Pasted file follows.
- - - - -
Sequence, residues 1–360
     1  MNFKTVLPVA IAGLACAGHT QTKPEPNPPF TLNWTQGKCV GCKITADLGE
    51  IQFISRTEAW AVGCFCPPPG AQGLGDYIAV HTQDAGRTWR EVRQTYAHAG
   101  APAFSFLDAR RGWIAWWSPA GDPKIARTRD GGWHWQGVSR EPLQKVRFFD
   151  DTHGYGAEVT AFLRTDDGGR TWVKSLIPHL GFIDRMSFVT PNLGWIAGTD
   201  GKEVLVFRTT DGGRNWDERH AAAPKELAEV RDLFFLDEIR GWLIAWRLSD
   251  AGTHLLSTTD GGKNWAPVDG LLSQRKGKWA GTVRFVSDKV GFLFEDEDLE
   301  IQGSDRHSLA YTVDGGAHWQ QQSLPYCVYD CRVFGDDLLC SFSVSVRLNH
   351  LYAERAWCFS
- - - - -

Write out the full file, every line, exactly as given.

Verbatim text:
Sequence, residues 1–360
     1  MNFKTVLPVA IAGLACAGHT QTKPEPNPPF TLNWTQGKCV GCKITADLGE
    51  IQFISRTEAW AVGCFCPPPG AQGLGDYIAV HTQDAGRTWR EVRQTYAHAG
   101  APAFSFLDAR RGWIAWWSPA GDPKIARTRD GGWHWQGVSR EPLQKVRFFD
   151  DTHGYGAEVT AFLRTDDGGR TWVKSLIPHL GFIDRMSFVT PNLGWIAGTD
   201  GKEVLVFRTT DGGRNWDERH AAAPKELAEV RDLFFLDEIR GWLIAWRLSD
   251  AGTHLLSTTD GGKNWAPVDG LLSQRKGKWA GTVRFVSDKV GFLFEDEDLE
   301  IQGSDRHSLA YTVDGGAHWQ QQSLPYCVYD CRVFGDDLLC SFSVSVRLNH
   351  LYAERAWCFS